Testing and Evaluation College and University Education Research-Oriented Presentation
Assessing the validity of essay marking rubrics
As English high school curricula becomes increasingly communication-oriented, it is becoming more necessary to develop university entrance tests which assess students’ ability to produce target language based on communicative goals rather than to translate between languages or select correct answers. A potential problem with these more communication-oriented test questions is they may risk sacrificing reliability for validity; however, the use of rubrics can ensure that both reliability and validity remain high (Jonsson and Svingby, 2007). This presentation looks at the results of a preliminary study to determine if a university entrance exam rubric results in high inter-rater reliability. The study looks at the test scores of three types of markers: 1) those trained to apply the rubric; 2) those who have seen the rubric but have not been trained to apply it; and 3) those who have not seen the rubric. It aims to answer the following questions: Does the rubric achieve a Cohen's kappa value greater than 0.7 for inter-rater reliability 1. between trained markers? 2. between trained and untrained markers? 3. between trained markers and markers who have not seen the rubric?
The findings of this study will interest educators involved in test and assessment design.
Paul is an associate professor in the Department of Clinical English at Nara Medical University, where he has been working since 2016. Paul has a law degree and an arts degree from the University of Auckland (New Zealand), and a master’s degree in applied linguistics and TESOL from the University of Leicester (UK). He is currently a PhD candidate at the Kyoto University Graduate School of Human and Environmental Studies. Paul's primary research interests are in second language vocabulary acquisition, content and language integrated learning (CLIL), English for specific purposes (ESP), and learner motivation. When he is not teaching or researching, he can be found jogging or cycling around the Kita-ku area in Osaka, eating out at one of Fukushima’s fabulous restaurants, or rocking with his band ‘The Ballbreakers’ somewhere in Osaka. Paul also loves travelling, and isn’t far away from achieving his goal of visiting all 47 Japanese prefectures (38 so far!).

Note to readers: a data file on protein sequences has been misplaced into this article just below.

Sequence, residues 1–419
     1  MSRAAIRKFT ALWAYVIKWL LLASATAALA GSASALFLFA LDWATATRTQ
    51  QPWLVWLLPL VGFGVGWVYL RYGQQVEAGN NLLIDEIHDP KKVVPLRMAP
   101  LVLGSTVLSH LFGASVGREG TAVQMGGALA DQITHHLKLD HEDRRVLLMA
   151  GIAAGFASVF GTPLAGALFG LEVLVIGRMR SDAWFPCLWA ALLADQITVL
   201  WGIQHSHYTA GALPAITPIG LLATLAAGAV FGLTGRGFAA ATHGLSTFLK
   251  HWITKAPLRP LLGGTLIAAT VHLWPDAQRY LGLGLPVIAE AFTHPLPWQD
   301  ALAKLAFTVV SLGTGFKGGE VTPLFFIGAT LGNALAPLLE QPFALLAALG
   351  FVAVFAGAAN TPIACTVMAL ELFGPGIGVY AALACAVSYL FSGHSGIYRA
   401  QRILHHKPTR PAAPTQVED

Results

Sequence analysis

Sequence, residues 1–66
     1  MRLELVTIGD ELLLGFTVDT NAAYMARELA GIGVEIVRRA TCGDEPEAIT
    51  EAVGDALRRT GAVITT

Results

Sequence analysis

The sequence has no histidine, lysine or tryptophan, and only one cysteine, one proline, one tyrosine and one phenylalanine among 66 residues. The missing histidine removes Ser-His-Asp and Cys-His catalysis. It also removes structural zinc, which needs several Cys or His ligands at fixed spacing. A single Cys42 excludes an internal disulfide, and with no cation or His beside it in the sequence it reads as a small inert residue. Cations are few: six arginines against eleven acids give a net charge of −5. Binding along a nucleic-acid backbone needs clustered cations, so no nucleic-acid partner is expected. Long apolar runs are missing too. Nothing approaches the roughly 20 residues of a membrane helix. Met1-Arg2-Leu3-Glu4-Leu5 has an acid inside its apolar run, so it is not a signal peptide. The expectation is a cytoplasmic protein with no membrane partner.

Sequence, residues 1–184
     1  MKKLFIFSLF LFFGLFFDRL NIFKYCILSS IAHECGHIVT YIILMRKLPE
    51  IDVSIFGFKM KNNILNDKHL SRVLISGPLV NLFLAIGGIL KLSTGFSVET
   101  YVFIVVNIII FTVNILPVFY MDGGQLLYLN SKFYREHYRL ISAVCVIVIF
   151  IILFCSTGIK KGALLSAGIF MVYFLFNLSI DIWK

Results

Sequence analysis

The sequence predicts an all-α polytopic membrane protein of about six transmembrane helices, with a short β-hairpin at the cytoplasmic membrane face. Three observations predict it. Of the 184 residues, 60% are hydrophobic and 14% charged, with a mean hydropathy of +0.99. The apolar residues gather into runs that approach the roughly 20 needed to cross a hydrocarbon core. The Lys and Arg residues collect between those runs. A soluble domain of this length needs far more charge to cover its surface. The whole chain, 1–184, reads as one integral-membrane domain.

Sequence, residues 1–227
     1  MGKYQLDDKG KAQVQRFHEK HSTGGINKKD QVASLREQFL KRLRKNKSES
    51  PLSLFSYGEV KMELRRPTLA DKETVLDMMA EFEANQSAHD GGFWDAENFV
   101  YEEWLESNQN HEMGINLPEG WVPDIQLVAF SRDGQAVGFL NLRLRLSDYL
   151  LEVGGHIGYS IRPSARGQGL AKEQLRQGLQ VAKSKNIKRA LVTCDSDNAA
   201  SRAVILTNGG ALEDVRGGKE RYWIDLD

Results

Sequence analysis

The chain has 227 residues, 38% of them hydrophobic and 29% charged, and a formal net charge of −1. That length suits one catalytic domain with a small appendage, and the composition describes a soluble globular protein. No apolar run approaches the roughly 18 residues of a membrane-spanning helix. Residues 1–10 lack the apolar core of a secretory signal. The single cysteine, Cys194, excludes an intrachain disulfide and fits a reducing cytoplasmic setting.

Francesco Bolstad holds degrees in both liberal arts and STEM subjects and as a New Zealand-trained high school teacher has taught in classrooms of various kinds for over 27 years. In his current role as professor and head of Nara Medical University's Department of Clinical (DOC) English, he is involved in pedagogical and research projects which allow him to further his interests in teacher efficacy, content and language integrated learning (CLIL), collaborative approaches to teaching and learning, and vocabulary acquisition. Email: email@example.com